@mpk.nyy1: the "EASY" botton. becasue after the schematic is complete, you "push" the "autoplace" - "auto-route" button and its DONE, right!!
I once had a digital video camera with enough controls to fly an aircraft -- the best one was actually called "The Easy Button" -- when you pressed that, it turned all of the other controlls off and did everything automatically ... I LOVED that button :-)
Hi Max, I must say I've never had the opportunity to work for a company that could afford all of those nice add-ons and it was only recently I got a hold of Altium for some of those features. About 15 years ago I did a PCI 3 channel image acquisition card with co processor and 2 FPGA's got rev 1 to work without any issues. The biggest challenge was to get 12bit resolution at 1V signal with all of the digital stuff going on. The FPGA code was done with a text editor and Excel and the mechanical dimensioning match up to a daughter board was done with Excel and a vernier. I guess what I'm saying is that apart from using bishop graphics tape (which I've done also) the essentials for 98% of all PCB design tasks really are just schematic and layout. I use the verification part of Altium maybe every 10th design and the FPGA compiler 20th so really I think most of the features aren't used for most designs. Take the wiring loom features you mentioned, great stuff to have but I've never used it because no one had the money to buy it and the thermal simulation I've only ever had a calculator (or excel) and my designs don't overheat because I stick to a bunch of impirical rules on how much power is allowed into how many square millimetres of PCB space without assistance for removal. Yep you won't get a design that is right on the physical limits of what is possible but you'll uually have a more robust design that still works when unobtainium is unavailable. I don't consider myself a brilliant designer just one that loves rule of thumb influenced by 40 years of doing stuff. Per someone elses comment here, let's hope the young guys always have access to those guys who always seems to have an answer to all those questions.
A engineeer knowledgeable in all the implied areas these tools involve!
It seems most engineers know some of these areas.. but most don't know ALL of the areas (electronics , physics, mechanical, manufacturing, business, electrical standards, international standards, documentation standards, etc....
We are doing good to label an electronics engineer as: digital, analog, RF
IF these conditions are met:
- All the BEST tools (features) are available from a single source
- This (mythical) single source will always be the best source for ALL of these tools.
- plus a few additional features (as mentioned by others here)
You MIGHT be able to have a tool set that can be operated by A engineer.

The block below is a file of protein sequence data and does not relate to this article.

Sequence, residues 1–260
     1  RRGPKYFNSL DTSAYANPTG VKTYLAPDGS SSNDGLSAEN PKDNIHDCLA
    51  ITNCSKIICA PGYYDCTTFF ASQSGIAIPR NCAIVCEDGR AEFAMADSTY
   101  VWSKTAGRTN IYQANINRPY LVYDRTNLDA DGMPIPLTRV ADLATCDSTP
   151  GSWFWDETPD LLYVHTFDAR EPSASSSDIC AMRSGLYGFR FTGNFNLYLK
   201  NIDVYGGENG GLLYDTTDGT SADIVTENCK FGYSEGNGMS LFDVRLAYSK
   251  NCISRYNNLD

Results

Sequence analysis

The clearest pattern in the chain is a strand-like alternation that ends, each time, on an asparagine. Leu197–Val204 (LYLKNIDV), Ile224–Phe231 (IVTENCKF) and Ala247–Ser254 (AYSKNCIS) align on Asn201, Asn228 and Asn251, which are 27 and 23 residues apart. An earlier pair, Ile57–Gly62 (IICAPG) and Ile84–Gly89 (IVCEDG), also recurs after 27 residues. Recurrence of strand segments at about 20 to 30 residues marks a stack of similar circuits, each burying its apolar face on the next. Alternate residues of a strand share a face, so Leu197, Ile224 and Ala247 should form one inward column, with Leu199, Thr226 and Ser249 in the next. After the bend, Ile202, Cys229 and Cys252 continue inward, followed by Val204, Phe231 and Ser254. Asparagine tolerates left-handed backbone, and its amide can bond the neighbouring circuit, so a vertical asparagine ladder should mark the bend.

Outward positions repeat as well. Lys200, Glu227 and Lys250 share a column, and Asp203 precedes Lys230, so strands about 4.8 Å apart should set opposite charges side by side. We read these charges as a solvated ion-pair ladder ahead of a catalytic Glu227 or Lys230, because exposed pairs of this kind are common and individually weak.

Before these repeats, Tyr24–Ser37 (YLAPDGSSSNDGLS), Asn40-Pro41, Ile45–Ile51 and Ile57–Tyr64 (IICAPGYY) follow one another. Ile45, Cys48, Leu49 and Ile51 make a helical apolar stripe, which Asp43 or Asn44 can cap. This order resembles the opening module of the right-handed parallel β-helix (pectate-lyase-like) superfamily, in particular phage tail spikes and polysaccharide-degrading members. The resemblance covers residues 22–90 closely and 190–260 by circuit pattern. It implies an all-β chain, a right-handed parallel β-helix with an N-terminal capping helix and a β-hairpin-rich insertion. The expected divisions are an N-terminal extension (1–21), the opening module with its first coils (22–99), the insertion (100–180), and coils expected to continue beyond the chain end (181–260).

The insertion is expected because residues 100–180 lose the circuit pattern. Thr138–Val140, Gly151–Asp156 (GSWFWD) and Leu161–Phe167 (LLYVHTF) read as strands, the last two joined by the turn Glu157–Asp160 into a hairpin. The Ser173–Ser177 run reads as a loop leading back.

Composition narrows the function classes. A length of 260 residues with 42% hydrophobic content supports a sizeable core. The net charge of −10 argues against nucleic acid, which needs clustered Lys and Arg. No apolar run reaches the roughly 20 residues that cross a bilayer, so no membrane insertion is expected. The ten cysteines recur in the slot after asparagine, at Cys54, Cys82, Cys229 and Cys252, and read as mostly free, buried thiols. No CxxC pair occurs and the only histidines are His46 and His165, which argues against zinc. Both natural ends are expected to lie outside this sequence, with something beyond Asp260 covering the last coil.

Assuming the supplier does a great job of creating a uniform user interface for all these tools.
(I don't think this is goiing to happen, technology changes too quickly)
What is likely to happen:
- We will continue to use multiple vendors for our tools (competition.. it can be a "good" thing")
- There will be too many interfaces for a single person to be stay knowledgeable and productive with. Both equating to a team requirement for nearly any level of comlexity. This is NOT a good thing.
- and still no common data set for a design that can truly cover ALL the aspects of this large list of tools requires.
We can't even get past the use of gerber file format.
I think a new perspective is needed... and some new standards.
Schematics , HDML, etc.. all have serious limiations in describing a pcb design.
Best cholce: quality people , with tools integrated with their processes.
In a perfect world the clock would be rectangular and if the clock line is routed the same way as the data the clock fronts would be located where the data is stable. So the first orientation would be to keep all the traces equal. On the other hand in the real world data might take a little time to become stable _after_ it was switched from 0 to 1 (or vice versa) and it will also remain stable a little bit after it has started to change. So the middle of the window would be displaced a bit "behind" the halftime. So you could make the clock trace a little slower (longer). On the other hand the receiving circuit needs a little time to recognize the clock edge and would capture the data a little later than the edge. So if both data and clock go from 0 to 1 in the same instant what you would latch would normally be the 1. So that would now be an argument to make the clock trace shorter than the data traces. So you end up where you started - keep them equal. I usually routed the clock trace parallel to the data but inserted a place where I could cut it in order to enable a diversion connectable via two 0 Ohm resistors. I never actually needed this delay, but it was a good feeling to have the option. OK, that was only in the realm of about 67MHz, not really fast stuff ...
What are the engineering and design challenges in creating successful IoT devices? These devices are usually small, resource-constrained electronics designed to sense, collect, send, and/or interpret data. Some of the devices need to be smart enough to act upon data in real time, 24/7. Are the design challenges the same as with embedded systems, but with a little developer- and IT-skills added in? What do engineers need to know? Rick Merritt talks with two experts about the tools and best options for designing IoT devices in 2016. Specifically the guests will discuss sensors, security, and lessons from IoT deployments.